body =
            "Domain: " + params["domain"] + "\n" +
            "Description: " + params["description"] + "\n" +
            "Recipient: " + params["recipient"] + "\n" +
            "Message ID: " + params["Message-Id"] + "\n" +
            "Headers: " + headers + "\n";
    } catch (e) {
        body += "\n" + e.message;
    }
    MailApp.sendEmail(EMAIL, subject, body);
    return output;
}

Besides the easy deployment, Google Script also provides a decent set of script services. Unfortunately, I ran into problems with it while writing my verification code. I don’t want any POST to this URL to possibly send me an email, and MailGun provides a signature and documentation on how to verify the incoming POST. The original verify() function I wrote looked like this:

function verify(key, token, timestamp, signature) {
    var computed = Utilities.computeHmacSha256Signature(timestamp + token, key);
    return computed == signature;
}

But look at Byte[] computeHmacSha256Signature(String value, String key), it returns a byte array. Specifically, one like this: [90, -45, -75, 57, ...]. Okay, what’s the problem? Surely we can take a Byte[] and convert it to a String, or vice versa and get a valid comparison. This is not as easy as it appears.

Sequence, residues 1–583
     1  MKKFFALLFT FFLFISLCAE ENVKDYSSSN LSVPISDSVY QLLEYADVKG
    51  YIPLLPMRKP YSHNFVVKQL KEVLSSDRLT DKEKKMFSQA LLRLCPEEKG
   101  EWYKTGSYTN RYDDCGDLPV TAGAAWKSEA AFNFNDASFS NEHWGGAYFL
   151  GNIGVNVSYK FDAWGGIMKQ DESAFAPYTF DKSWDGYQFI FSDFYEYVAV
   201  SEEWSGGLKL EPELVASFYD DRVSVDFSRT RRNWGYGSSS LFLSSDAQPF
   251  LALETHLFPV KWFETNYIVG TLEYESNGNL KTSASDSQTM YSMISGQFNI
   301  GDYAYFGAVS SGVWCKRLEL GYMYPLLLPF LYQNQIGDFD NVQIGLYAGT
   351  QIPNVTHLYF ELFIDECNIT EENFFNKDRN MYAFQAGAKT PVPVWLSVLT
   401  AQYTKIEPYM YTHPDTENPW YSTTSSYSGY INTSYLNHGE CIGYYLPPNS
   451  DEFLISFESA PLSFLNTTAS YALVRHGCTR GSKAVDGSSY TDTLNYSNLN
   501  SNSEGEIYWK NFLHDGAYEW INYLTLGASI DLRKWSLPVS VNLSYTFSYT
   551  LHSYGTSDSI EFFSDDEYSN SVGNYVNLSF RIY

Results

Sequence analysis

This issue suggests using Utilities.newBlob(bytes).getDataAsString(); to convert us from Byte[] to String, but (like noted in the issue) it has a problem with negative values in the byte array. Rather than work around this problem by, say, including and using jsSHA (which I actually tried, successfully), let’s instead understand the actual problem.

What we really need is a refresher on the computer science fundamentals: two’s complement and hexadecimal representation of bytes. The negative integers in the array are a misinterpretation of the computed bytes, which are in two’s complement. If we can understand the data computeHmacSha256Signature() is giving us, then we can convert it correctly.

Let’s take a look at the first two bytes of this array [90, -45, ...].

90

Positive integers in two’s complement are unchanged.

90 in binary is 0b1011010.

But we’re dealing with bytes, so we need exactly eight bits.

Pad the left with zeroes until we have the byte 0101 1010.

Each half of a byte (four bits) is known as a “nibble”, and each nibble spans the decimal range [0, 15], or the hexadecimal range [0, F].

Left nibble 0101 in hex is 5.

Right nibble 1010 in hex is A.

Hence the byte 90 in hex is 0x5A.

-45

Negative integers in two’s complement are the “one’s complement plus one” of the absolute value.

45 in binary is 0b1011010. The byte is 0010 1101.

But our byte was -45, not 45. So the first step is to take the one’s complement (i.e. invert the bytes).

One’s complement is 1101 0010.

The next step is to simply add one (arithmetically): 1101 0011.